“Yes.” Roger said, choosing the seat across from Fleur. She tried not to make a face. “Professor Flitwick seemed to think I had a talent for Charms when I was a student, and I became interested in breaking curses when the war broke out. I wanted to do my part to combat Dark Wizards.”
“Well, we’ll need people like that, war or no war.” Arthur said approvingly.
After some lengthy conversation about curse-breaking, the brunch guests turned to more traditional topics: the children, happenings at Hogwarts, rumors in the Department of Magical Law Enforcement. Fleur fell into a bit of a daze, dividing her time between watching her old flame and getting up to get more food from the kitchen when supplies of one delicacy or another began to run low.
Before she knew it, Harry and Ginny were standing up, gathering their children to leave.
“It was lovely, Fleur, thank you.” Ginny said softly. The whole family had grown to love Fleur after she spoke so tenderly about Bill’s brush with Fenrir Greyback, but Ginny still felt awkward standing in the shadow of a part-Veela. She preferred brief interactions with her sister-in-law.
After Harry and his family departed, the others began to exit in slow succession. George and Angelina promised to organize a play date for the children sometime soon, and Hermione picked a few berries from the garden so that she could attempt to re-create Fleur’s muffins in her own kitchen later that week. Percy left next, taking a tin with some leftover French toast with him. Molly and Arthur took Bill and the children out to their new flying car, having brought gifts. They bestowed these tiny surprises on each of their grandchildren once a month, and this weekend, it was Victoire, Dominique and Louis’s turn.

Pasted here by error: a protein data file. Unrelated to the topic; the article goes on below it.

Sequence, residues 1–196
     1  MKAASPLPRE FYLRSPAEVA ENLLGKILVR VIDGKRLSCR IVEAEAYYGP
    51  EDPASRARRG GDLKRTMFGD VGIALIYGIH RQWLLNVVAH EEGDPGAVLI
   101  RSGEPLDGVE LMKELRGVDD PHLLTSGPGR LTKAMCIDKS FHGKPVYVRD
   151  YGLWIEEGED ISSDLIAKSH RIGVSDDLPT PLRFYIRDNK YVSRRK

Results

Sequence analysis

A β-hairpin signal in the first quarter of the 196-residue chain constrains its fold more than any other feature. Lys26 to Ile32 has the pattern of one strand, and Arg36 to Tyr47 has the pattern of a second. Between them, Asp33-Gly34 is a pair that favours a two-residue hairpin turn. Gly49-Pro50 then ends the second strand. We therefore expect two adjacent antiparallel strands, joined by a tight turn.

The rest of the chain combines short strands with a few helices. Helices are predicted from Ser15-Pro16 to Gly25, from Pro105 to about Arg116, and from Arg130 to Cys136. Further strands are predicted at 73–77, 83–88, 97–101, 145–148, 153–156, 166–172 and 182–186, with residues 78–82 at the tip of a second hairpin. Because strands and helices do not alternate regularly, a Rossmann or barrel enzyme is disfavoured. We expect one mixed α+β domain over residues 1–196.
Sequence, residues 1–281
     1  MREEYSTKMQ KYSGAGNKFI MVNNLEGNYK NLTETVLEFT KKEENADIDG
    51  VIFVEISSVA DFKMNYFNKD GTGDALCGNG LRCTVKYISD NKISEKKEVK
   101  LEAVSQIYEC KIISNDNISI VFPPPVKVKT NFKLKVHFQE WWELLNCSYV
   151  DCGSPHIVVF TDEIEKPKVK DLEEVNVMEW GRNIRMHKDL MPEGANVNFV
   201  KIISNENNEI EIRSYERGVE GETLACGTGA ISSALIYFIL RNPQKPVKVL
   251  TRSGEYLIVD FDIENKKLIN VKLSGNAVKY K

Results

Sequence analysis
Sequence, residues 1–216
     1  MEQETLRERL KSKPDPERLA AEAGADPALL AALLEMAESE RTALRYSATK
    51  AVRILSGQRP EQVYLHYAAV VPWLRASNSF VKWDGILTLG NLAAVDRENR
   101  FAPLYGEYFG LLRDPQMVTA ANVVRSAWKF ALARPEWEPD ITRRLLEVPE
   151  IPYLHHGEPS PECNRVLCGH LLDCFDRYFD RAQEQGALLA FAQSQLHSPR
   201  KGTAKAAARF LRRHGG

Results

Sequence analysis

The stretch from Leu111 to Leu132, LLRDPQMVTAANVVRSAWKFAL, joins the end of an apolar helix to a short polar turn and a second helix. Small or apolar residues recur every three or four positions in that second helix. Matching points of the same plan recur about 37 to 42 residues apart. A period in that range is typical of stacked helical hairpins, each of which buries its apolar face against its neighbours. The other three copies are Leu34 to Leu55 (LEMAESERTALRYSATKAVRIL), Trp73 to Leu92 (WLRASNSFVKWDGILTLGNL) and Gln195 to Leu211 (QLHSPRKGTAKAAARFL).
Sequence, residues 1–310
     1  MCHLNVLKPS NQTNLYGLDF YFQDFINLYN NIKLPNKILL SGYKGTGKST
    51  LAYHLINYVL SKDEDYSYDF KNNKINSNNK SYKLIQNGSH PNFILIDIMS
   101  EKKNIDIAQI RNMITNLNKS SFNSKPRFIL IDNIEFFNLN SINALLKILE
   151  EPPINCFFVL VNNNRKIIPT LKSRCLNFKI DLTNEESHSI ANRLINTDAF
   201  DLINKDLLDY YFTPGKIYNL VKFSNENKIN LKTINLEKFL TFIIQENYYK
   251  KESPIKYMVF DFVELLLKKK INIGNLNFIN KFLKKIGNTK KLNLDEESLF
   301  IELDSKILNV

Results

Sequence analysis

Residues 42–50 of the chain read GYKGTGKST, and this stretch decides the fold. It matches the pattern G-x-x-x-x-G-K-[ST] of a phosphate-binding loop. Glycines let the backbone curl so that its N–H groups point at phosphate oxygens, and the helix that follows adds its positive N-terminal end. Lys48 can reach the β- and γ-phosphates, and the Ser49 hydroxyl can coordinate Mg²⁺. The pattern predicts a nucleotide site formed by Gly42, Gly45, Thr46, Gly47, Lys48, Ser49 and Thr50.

Fleur watched as Roger dutifully carried his plate into the kitchen, heading for the sink. She took the opportunity to escape out the side door, not wanting to let him use this moment to ambush her. She found herself standing out on the rocks by the sea, watching the waves go in and out.
“Fleur?” She heard his voice behind her.
“Yes?” She said perhaps a bit too cheerfully, turning to face him.
“Thank you for brunch. It was really lovely. I think the family is lucky to have you.” He smiled, and she felt herself go slightly weak in the knees. She stared into his eyes, forcing herself to return the smile nervously and nod a reply.
“Listen, I noticed that you had a couple of the blackberry muffins left. D’you mind if I take them back to my girlfriend? They were so delicious, and blackberry is Juliet’s favorite.” He asked.
Fleur blinked. Girlfriend?
That was even better than bringing a date.
“Of course not.” She said at last. “Ve alvays haf plenty of zem left over.”
“Great.” Roger smiled at her again, and for just a moment, she thought maybe he was admiring her features. Then he glanced down at his shoes, sticking his hands in his pockets before meeting her eyes once more. “Thanks again.” With that, he turned and walked back toward the house.
Fleur couldn’t help but smile as she watched him go, pulling her sweater closer around her to keep out the chilly ocean spray that rained upon the ground with each passing wave. Over by the car, Bill waved to her, and her children ran toward her, eager to show off their new presents.
She waved back to her husband, taking a last look at her one-time fling.
He always was an extraordinarily polite boy. She was silly to have expected anything different.